IS-3 (Object 703) was developed in late 1944 by ChTZ (in Chelyabinsk). This tank had an improved armour layout, and a hemispherical cast turret (resembling an overturned soup bowl) which became the hallmark of post-war Soviet tanks. While this low, hemispherical turret may have improved protection, it also significantly diminished the working headroom, especially for the loader (Soviet tanks in general are characterized by uncomfortably small interior space compared to Western tanks). The low turret also limited the maximum depression of the main gun, since the gun breech had little room inside the turret to pivot on its vertical axis. As a result, the IS-3 was less able to take advantage of hull-down positions than Western tanks. The IS-3's pointed prow earned it the nickname Shchuka (Pike) by its crews. It weighed slightly less and stood 30 cm lower than previous versions. Wartime production resulted in many mechanical problems and a hull weldline that had a tendency to crack open.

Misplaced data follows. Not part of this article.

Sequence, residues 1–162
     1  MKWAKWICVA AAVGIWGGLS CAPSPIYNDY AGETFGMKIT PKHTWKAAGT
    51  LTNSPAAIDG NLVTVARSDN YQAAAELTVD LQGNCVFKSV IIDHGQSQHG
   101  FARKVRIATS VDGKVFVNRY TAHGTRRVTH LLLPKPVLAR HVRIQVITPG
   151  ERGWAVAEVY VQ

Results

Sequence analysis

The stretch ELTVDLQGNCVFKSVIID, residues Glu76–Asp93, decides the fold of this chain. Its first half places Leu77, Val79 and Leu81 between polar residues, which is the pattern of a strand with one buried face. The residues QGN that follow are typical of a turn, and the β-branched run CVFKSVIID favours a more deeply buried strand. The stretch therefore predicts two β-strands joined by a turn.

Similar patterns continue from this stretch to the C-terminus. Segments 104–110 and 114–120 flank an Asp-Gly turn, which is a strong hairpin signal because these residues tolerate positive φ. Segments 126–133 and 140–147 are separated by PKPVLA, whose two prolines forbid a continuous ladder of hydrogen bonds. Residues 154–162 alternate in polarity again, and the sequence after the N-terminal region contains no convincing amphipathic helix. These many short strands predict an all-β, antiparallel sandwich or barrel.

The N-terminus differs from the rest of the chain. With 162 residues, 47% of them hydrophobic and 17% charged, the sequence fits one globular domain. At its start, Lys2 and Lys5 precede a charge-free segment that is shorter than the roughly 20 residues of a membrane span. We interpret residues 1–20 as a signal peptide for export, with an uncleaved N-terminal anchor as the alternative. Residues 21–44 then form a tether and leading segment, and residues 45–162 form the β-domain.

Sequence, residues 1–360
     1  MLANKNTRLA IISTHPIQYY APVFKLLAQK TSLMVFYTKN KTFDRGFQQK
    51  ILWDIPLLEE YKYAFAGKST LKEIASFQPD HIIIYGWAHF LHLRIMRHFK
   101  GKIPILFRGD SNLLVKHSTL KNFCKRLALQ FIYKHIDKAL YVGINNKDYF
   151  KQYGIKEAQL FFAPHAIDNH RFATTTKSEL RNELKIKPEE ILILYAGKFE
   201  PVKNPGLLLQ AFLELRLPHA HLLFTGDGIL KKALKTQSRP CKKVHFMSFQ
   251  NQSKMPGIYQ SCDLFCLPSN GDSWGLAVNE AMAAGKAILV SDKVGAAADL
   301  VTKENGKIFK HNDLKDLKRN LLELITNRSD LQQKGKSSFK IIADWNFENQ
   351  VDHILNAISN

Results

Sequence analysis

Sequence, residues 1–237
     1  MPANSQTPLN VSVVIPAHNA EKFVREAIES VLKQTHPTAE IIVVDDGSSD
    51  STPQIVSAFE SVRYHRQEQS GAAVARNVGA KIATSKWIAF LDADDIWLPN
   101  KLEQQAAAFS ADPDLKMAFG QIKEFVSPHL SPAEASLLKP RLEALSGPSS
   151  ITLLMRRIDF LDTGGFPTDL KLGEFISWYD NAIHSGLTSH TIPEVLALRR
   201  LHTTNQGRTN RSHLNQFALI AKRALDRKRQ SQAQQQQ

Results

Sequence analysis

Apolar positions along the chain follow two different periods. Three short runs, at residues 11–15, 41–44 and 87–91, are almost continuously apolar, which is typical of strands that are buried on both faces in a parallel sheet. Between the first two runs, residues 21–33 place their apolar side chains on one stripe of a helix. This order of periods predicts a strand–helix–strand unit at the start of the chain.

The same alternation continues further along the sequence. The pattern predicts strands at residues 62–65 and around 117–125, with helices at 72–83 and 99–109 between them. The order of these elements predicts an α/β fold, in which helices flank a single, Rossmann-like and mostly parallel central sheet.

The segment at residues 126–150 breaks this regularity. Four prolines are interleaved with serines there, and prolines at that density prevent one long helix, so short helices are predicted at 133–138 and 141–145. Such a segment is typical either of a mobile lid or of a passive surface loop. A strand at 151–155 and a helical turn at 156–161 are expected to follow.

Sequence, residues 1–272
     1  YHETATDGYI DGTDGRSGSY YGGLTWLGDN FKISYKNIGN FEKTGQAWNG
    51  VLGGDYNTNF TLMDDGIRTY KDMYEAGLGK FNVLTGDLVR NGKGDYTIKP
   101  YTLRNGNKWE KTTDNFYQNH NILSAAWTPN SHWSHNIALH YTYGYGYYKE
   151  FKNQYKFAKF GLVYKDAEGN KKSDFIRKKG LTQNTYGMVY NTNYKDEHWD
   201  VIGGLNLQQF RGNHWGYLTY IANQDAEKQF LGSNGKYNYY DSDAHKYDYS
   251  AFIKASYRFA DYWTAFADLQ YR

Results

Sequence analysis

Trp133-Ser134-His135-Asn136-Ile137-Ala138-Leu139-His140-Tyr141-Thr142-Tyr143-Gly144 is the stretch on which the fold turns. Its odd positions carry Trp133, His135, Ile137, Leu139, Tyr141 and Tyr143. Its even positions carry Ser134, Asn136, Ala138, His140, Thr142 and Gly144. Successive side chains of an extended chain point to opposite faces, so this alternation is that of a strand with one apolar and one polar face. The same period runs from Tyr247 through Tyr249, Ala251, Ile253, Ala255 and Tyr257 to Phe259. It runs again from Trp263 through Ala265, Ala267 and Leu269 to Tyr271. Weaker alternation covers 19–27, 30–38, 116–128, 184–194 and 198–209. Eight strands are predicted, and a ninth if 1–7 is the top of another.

The IS-3 came too late to see action in World War II. The tank saw no action against the Germans, although one regiment was deployed against the Japanese in Manchuria.
Starting in 1960, the IS-3 was slightly modernized as the IS-3M, in a manner similar to the IS-2M.
IS-3 (Iosif Stalin tank)